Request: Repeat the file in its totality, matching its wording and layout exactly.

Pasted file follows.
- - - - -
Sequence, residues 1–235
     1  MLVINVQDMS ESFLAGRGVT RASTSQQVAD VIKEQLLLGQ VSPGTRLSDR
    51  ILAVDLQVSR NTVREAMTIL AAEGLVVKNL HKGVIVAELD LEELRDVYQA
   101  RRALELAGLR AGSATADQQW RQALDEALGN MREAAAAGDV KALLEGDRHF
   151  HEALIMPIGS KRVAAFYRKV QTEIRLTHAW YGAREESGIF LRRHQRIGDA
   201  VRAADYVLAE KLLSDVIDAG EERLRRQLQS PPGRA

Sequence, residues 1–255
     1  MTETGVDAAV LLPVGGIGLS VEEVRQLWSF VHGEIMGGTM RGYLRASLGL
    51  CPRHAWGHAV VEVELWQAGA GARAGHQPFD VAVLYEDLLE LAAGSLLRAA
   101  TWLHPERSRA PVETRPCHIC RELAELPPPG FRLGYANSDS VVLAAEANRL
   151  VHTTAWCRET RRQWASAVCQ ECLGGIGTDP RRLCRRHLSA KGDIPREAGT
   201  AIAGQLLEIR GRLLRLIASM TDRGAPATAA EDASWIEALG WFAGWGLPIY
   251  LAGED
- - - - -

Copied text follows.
Sequence, residues 1–235
     1  MLVINVQDMS ESFLAGRGVT RASTSQQVAD VIKEQLLLGQ VSPGTRLSDR
    51  ILAVDLQVSR NTVREAMTIL AAEGLVVKNL HKGVIVAELD LEELRDVYQA
   101  RRALELAGLR AGSATADQQW RQALDEALGN MREAAAAGDV KALLEGDRHF
   151  HEALIMPIGS KRVAAFYRKV QTEIRLTHAW YGAREESGIF LRRHQRIGDA
   201  VRAADYVLAE KLLSDVIDAG EERLRRQLQS PPGRA

Sequence, residues 1–255
     1  MTETGVDAAV LLPVGGIGLS VEEVRQLWSF VHGEIMGGTM RGYLRASLGL
    51  CPRHAWGHAV VEVELWQAGA GARAGHQPFD VAVLYEDLLE LAAGSLLRAA
   101  TWLHPERSRA PVETRPCHIC RELAELPPPG FRLGYANSDS VVLAAEANRL
   151  VHTTAWCRET RRQWASAVCQ ECLGGIGTDP RRLCRRHLSA KGDIPREAGT
   201  AIAGQLLEIR GRLLRLIASM TDRGAPATAA EDASWIEALG WFAGWGLPIY
   251  LAGED